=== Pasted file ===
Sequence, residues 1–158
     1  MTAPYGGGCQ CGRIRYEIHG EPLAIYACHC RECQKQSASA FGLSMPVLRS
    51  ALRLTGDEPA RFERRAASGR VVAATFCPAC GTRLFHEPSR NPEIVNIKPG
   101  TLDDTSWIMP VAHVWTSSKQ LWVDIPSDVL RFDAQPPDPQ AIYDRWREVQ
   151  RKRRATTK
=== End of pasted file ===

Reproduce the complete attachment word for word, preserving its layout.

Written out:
Sequence, residues 1–158
     1  MTAPYGGGCQ CGRIRYEIHG EPLAIYACHC RECQKQSASA FGLSMPVLRS
    51  ALRLTGDEPA RFERRAASGR VVAATFCPAC GTRLFHEPSR NPEIVNIKPG
   101  TLDDTSWIMP VAHVWTSSKQ LWVDIPSDVL RFDAQPPDPQ AIYDRWREVQ
   151  RKRRATTK